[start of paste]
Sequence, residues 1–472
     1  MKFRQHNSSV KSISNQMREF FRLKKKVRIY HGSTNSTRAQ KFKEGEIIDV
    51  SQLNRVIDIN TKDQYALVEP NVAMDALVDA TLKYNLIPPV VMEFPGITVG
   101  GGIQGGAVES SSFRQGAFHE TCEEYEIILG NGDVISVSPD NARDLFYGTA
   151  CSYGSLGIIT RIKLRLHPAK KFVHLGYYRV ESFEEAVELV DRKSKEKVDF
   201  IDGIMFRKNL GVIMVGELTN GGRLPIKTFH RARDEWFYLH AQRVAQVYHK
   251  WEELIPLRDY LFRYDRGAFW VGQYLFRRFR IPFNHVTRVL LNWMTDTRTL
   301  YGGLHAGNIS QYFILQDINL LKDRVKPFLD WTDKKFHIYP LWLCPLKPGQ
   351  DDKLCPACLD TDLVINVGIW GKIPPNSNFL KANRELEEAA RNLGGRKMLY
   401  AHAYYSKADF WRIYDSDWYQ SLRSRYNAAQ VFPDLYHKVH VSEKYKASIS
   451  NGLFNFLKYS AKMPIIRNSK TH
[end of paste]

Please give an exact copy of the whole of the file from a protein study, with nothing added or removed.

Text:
Sequence, residues 1–472
     1  MKFRQHNSSV KSISNQMREF FRLKKKVRIY HGSTNSTRAQ KFKEGEIIDV
    51  SQLNRVIDIN TKDQYALVEP NVAMDALVDA TLKYNLIPPV VMEFPGITVG
   101  GGIQGGAVES SSFRQGAFHE TCEEYEIILG NGDVISVSPD NARDLFYGTA
   151  CSYGSLGIIT RIKLRLHPAK KFVHLGYYRV ESFEEAVELV DRKSKEKVDF
   201  IDGIMFRKNL GVIMVGELTN GGRLPIKTFH RARDEWFYLH AQRVAQVYHK
   251  WEELIPLRDY LFRYDRGAFW VGQYLFRRFR IPFNHVTRVL LNWMTDTRTL
   301  YGGLHAGNIS QYFILQDINL LKDRVKPFLD WTDKKFHIYP LWLCPLKPGQ
   351  DDKLCPACLD TDLVINVGIW GKIPPNSNFL KANRELEEAA RNLGGRKMLY
   401  AHAYYSKADF WRIYDSDWYQ SLRSRYNAAQ VFPDLYHKVH VSEKYKASIS
   451  NGLFNFLKYS AKMPIIRNSK TH